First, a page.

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Voice over Internet Protocol, or VoIP (sometimes pronounced “voyp”), is a technology that Los Angeles-area businesses are becoming increasingly familiar with. Essentially, VoIP is a telephone system using the internet instead of traditional land and cellular lines. But VoIP is more than an interesting technology and a funny name—it’s an opportunity to transform your operational processes.

Naturally, VoIP offers an opportunity to save money—by as much as 50 percent over standard phone systems. However, any organization burned by a “cheaper” option knows that cost shouldn’t be the only consideration in switching technologies. Fortunately, VoIP solutions, when implemented properly and expertly, offer benefits far beyond the IT budget. Here are three reasons why your organization should think about switching to VoIP:

1. A workforce on the go

The days of office workers stuck in a cubicle all day are all but over. Today’s employees are more mobile than ever, working from other areas of the office, another facility, the field, the train, home, a coffee shop, or anywhere else they can get an internet signal. In the past, that big, clunky gray desk phone was the only thing getting in the way of workers achieving more mobility—but then cell phones and, eventually, smartphones happened, allowing those workers to go to where the work is and easily communicate from those locations.

VoIP takes mobility and flexibility to the next level. With a VoIP solution, users can make calls that are faster, are more reliable, and don’t cut into their minutes or data plans—and do so anywhere there is a Wi-Fi signal. Also, employees can take calls, check work voicemail, forward messages, and more without actually using the phone function on their device—it all goes through the VoIP service providers app. Workers stay connected and may even increase productivity via this added, VoIP-fueled mobility.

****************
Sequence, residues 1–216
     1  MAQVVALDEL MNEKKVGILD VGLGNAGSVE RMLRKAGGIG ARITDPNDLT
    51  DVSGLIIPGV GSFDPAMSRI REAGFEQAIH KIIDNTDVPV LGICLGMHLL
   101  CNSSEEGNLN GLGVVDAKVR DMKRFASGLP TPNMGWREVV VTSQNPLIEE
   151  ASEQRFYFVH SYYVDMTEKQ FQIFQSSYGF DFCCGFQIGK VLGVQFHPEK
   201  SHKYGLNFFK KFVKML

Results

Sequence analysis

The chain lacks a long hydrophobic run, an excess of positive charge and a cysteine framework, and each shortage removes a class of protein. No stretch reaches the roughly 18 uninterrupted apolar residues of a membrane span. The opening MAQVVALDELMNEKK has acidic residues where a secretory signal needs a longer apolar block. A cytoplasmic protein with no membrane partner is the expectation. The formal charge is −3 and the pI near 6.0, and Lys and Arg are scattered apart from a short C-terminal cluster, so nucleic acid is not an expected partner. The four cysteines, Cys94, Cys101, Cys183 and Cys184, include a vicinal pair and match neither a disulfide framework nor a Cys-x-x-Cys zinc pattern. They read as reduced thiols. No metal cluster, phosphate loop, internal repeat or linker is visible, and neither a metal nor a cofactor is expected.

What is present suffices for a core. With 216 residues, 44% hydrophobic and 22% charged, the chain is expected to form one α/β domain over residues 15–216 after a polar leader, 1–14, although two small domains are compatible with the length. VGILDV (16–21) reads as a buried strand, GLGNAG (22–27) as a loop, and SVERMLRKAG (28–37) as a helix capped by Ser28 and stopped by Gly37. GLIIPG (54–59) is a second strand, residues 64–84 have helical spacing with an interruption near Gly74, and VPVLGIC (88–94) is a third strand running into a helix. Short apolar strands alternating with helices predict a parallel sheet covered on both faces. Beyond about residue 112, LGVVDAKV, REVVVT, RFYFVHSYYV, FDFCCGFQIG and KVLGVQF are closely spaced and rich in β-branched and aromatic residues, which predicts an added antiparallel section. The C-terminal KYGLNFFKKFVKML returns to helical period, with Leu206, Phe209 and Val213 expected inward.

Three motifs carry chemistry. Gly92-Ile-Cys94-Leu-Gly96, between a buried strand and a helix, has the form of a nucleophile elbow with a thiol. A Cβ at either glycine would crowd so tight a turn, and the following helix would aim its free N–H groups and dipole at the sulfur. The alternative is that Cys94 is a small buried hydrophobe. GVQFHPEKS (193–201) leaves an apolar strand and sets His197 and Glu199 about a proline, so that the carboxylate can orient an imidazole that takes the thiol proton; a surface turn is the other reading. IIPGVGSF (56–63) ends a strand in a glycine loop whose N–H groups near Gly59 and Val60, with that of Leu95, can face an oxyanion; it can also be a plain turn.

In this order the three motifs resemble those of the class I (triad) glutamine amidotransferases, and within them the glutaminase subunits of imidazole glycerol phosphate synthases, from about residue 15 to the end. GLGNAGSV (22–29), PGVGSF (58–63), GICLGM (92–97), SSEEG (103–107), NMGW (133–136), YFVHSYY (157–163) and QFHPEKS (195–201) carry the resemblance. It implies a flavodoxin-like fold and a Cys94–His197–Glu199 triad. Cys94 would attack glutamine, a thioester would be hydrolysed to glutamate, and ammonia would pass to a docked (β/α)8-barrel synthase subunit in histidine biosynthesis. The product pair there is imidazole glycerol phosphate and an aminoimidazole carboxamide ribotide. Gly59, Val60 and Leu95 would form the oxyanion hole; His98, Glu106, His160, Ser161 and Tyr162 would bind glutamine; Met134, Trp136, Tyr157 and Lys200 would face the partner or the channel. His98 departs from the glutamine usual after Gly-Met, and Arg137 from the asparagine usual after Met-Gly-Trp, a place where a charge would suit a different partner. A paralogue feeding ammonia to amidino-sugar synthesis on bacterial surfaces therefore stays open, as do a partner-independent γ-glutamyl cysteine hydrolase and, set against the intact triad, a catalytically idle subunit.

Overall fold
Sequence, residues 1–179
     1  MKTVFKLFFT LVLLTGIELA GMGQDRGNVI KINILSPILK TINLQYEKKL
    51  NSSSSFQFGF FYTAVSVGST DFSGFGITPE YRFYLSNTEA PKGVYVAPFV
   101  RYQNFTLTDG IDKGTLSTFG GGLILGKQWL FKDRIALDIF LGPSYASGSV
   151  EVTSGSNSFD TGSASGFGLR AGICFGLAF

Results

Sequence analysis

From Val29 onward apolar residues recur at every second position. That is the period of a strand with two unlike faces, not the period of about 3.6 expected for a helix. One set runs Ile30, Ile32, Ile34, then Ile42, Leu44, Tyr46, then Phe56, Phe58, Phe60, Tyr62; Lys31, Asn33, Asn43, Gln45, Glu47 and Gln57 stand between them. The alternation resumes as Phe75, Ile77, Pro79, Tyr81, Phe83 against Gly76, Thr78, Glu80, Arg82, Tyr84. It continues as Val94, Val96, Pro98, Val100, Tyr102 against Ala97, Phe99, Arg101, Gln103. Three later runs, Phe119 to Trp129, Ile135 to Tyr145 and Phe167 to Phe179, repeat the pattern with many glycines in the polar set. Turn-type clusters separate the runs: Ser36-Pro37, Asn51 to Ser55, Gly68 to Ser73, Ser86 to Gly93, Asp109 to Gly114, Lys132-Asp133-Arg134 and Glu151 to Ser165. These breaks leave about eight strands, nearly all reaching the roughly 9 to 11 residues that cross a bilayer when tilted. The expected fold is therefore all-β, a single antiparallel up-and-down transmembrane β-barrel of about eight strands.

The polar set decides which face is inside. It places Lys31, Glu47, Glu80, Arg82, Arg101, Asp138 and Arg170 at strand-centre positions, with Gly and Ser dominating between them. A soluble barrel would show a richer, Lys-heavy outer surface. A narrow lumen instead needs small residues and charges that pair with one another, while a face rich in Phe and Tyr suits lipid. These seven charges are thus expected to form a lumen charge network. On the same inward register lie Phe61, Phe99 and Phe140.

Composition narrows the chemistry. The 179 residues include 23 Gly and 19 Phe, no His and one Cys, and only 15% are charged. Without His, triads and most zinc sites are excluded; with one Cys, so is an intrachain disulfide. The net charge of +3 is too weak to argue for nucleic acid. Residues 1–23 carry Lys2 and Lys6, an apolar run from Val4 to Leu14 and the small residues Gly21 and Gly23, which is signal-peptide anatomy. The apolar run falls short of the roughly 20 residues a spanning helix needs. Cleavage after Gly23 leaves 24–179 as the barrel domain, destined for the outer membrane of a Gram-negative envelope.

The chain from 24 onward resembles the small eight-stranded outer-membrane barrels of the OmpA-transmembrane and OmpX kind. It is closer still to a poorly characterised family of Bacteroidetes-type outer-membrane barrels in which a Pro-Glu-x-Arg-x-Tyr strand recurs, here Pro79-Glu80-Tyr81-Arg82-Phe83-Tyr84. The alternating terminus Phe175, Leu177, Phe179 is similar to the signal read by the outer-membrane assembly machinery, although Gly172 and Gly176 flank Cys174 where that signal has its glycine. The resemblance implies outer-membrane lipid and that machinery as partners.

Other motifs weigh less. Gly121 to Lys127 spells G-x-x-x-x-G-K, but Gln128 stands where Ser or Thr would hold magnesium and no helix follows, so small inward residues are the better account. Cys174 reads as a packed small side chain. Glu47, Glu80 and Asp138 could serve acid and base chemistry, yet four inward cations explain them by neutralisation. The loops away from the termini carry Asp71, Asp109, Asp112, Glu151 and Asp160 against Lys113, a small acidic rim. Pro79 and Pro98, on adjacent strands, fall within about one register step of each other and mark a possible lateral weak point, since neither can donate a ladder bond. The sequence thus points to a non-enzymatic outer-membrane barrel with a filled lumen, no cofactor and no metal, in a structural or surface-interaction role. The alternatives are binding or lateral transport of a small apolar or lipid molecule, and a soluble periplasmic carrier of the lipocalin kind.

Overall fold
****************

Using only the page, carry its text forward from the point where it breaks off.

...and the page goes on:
2. Personnel changes and onboarding efficiency

Employees leave your organization and new ones take their place. Or workers switch roles, departments, or locations. The logistics behind these moves are a pain for managers, human resources, IT, and other departments tasked with ensuring new employees have all the access to systems they need, or, in the case of departing employees, ensuring that access is revoked.

VoIP solutions simplify at least one aspect of personnel changes and onboarding: phone privileges. With just a few clicks, new employees can be set up with an extension, voice mail, text messaging, and other features. Similarly, just a few clicks eliminate privileges and redirect calls that might have otherwise landed in the mailbox of a former employee. And all this efficiency doesn’t even account for not having to physically go to someone’s desk and manually update his or her phone. If a new employee starts at 9 a.m. Monday morning, he or she can literally be making and receiving calls at 9:05. No more calling your phone system vendor to come on site to make changes!

3. Delivering the data

You and your employees use phones and other communication technologies in your everyday work, yet often, there’s no easy way to track usage and determine which channels are working best for various tasks and processes. How often do employees make outgoing calls? How long on average do customer calls last? What time are most outgoing calls made? Are people leaving voicemails? VoIP solutions can provide instant data to answer these questions and more.

With such data, you can make efficiency decisions about staffing, customer support, operational strategy, and so on. Moreover, usage can be tracked so that you can determine which employees are active on the system—important information for sales and customer support teams. This leads to more efficiency, which, in turn, leads to more indirect cost savings, delivering even more return on investment from the switch to a VoIP solution.

The #1 reason people want to throw their shiny new VoIP system away is poor call/voice quality. It’s very important that the Internet, firewall, switches, and phones are up to snuff to be able to achieve sufficient VoIP call quality. One cost a lot of smaller organizations don’t factor in to VoIP is the need for a “business grade” Internet and network infrastructure system. These can actually make the costs higher than traditional systems if you don’t have the infrastructure in place. We can spot these issues before implementation. Do you use VoIP, and if so, are you happy with your system?

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